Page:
Biting Wit and Brazen Folly: British Satirical Prints, 1780s–1830s
Until 22 August 2018
Printed satirical caricatures were inescapable in London during the 1700s and 1800s. Often lighthearted and cheeky upon first glance, the images could also be mulled over and picked apart at leisure. A bawdy scene or grotesque facial expression instantly amused, while closer study revealed deeper literary or political references. Whether a fashionable dandy or a poor chimney sweep, no one escaped the scrutiny of caricaturists.
This exhibition reveals the widespread appeal of caricature in Georgian England and demonstrates the ways in which such images teased and provoked audiences. Featuring over sixty brightly coloured etchings from the Museum’s large collection of British satirical prints, it presents images of the everyday with a riot of color and a roar of laughter.
Only 40% of women got the vote in 1918. Working class women and under 30s had to wait another 10 years.
This exhibition features archive items and objects from the Women's Library collection – including three banners, sashes, badges and much more – to show the campaign methods of the three main groups for women’s suffrage, the Women's Social and Political Union (WSPU), the National Union of Women's Suffrage Societies (NUWSS) and the Women’s Freedom League (WFL).
It concentrates on the last (and often bitter) years of the long campaign of the struggle for women's right to vote from 1908 - 1914, with the inclusion of prison diaries and leaflets detailing tactics, such as 'rushing' the House of Commons.
Printing a modern world: commercial graphics in the 1930s
Until 19 August 2018
A display of items from the National Art Library’s Jobbing Printing Collection, which opens a window onto daily life in the 1930s, offering a striking and original visual experience of a period when economic and political turbulence formed the backdrop to innovation and new ideas such as Modernism.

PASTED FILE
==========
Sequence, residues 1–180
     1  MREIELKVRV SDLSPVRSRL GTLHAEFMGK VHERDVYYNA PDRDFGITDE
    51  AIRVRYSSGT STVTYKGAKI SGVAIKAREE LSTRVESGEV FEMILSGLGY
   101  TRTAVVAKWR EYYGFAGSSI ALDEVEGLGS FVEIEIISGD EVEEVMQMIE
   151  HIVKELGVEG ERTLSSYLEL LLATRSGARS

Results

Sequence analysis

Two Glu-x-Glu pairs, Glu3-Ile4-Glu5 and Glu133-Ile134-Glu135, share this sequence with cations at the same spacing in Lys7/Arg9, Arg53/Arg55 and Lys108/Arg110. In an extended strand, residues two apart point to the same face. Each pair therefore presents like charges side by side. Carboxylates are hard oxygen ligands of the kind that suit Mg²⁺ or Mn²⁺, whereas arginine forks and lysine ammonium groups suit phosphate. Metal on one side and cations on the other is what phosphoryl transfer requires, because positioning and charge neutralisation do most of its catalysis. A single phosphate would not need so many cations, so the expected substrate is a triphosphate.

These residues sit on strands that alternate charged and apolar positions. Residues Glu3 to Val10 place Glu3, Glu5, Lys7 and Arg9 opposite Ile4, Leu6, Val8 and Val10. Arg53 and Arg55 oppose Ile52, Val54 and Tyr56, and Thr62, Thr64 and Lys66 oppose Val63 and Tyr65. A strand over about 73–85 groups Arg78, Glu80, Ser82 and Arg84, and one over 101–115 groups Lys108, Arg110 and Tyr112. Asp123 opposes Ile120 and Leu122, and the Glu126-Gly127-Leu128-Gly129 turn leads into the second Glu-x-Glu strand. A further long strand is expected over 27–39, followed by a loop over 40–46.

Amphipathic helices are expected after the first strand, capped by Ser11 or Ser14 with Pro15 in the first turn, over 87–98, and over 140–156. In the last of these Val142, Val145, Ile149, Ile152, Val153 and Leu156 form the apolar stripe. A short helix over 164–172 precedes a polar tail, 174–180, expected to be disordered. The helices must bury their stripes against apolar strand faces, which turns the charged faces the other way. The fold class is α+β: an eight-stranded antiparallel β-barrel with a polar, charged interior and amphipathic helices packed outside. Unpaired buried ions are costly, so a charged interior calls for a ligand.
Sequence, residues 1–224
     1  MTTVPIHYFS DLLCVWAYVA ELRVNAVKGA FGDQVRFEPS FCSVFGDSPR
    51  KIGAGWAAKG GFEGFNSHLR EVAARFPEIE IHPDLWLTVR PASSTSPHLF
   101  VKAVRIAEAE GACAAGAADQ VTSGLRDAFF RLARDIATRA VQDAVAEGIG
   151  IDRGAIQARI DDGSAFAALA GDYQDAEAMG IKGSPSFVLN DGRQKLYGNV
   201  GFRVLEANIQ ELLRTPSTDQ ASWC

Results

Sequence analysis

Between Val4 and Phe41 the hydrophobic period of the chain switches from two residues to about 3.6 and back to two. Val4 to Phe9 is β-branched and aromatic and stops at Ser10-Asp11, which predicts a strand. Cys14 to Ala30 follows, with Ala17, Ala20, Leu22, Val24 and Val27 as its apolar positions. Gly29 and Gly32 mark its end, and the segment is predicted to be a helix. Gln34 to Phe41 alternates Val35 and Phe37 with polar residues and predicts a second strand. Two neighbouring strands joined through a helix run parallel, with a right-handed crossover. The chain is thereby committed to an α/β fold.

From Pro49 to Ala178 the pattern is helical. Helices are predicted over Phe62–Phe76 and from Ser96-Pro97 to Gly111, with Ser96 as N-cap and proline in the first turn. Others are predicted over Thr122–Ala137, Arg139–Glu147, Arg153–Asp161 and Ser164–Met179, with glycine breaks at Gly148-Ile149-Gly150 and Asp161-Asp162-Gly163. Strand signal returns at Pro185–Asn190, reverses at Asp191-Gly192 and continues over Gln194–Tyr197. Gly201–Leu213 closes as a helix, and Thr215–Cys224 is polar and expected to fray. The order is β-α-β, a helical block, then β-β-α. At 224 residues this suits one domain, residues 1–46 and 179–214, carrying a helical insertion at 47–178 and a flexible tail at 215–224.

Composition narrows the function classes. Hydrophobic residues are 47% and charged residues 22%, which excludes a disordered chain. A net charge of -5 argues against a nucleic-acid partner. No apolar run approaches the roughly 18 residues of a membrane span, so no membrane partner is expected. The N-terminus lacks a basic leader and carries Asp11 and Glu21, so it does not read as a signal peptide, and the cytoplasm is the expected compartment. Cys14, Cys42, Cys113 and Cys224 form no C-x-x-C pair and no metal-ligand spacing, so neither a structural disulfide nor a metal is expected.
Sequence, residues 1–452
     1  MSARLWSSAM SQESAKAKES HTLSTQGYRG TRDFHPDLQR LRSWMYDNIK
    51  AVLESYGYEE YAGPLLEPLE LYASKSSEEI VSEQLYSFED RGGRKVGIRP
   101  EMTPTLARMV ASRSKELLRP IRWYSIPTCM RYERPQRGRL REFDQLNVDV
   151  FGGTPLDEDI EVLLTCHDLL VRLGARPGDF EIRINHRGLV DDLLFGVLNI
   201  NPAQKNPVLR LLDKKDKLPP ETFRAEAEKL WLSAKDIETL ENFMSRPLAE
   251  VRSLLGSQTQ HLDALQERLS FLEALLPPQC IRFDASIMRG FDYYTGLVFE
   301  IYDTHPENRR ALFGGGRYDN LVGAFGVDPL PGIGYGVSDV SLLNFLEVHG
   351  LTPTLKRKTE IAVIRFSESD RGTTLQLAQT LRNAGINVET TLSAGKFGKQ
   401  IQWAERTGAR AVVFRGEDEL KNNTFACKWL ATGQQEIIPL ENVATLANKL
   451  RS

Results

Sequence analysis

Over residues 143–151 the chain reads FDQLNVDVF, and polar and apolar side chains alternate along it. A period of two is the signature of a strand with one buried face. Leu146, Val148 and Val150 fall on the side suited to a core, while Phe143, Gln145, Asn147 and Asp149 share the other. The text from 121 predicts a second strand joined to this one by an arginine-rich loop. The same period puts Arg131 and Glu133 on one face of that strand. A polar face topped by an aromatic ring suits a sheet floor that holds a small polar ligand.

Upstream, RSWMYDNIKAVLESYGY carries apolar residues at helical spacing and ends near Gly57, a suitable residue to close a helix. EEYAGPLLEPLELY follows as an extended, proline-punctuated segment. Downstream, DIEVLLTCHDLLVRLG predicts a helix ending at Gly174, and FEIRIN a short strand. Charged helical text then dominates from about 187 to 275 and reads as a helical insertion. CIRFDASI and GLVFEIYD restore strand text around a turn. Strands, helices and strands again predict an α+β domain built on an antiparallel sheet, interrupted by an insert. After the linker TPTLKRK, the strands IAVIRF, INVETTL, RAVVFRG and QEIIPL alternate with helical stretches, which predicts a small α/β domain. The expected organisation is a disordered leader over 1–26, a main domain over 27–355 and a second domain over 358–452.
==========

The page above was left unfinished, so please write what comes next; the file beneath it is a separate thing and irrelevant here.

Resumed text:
The Collection was developed between 1936 and 1939, when Philip James (then Deputy Keeper of National Art Library at the V&A) requested samples of work from many high-profile companies and designers across Europe and North America, as well as Britain.
His intention was to create an ‘open reference collection of commercial typography so that the trend of typographic design, both in this country and abroad, could be appraised by students’.
All human life is reflected in a toothy grin. This upcoming exhibition will trace the evolution of our relationship with our teeth and with the profession that has shaped the way we live with them - or without them.
Following modern history's tireless pursuit of the pain-free mouth and the perfect smile, this is the first exhibition to look at how dentistry evolved from fairground entertainment to highly-skilled profession with many associated educational campaigns and spin-off industries.
Including beautifully illustrated treatises dating back to the early 18th century, Teeth will draw on the wealth of images, objects and artworks held in the collections assembled by Henry Wellcome, supplemented by loans from key collections in Northern Europe. It will explore oral hygiene and dentistry as markers of medical progress, and vividly illustrate the enduring connections between 'good' teeth, beauty, vanity, wealth and success.
Suffragettes vs. the State explores the militant side of the 20th century women’s suffrage movement. From window smashing campaigns to force feeding, public rallies to police surveillance and criminal trials. Discover the journey to universal suffrage through the original documents, photographs and records in The National Archives collection.
The Suffragettes, members of the Women’s Social and Political Union (WSPU), campaigned for women to be allowed the vote in parliamentary elections. Frustrated that decades of peaceful lobbying by other suffrage societies had not achieved this goal, their actions took a militant turn.
Ever wondered what goes into an iconic brand? It’s pioneering roots, how it adapts to stay relevant; evolving its brand identity and advertising in keeping with the times?
Through the exhibition visitors can explore how Shell have been a part of human progress throughout history and found new and inventive ways to engage and entertain their customers along the way.
Chris Griffin, CEO at the Museum of Brands says:
‘We are so pleased that Shell sees the value of the Museum in recording the role of brands in the history of our society, for our current education and entertainment as well as for future generations.’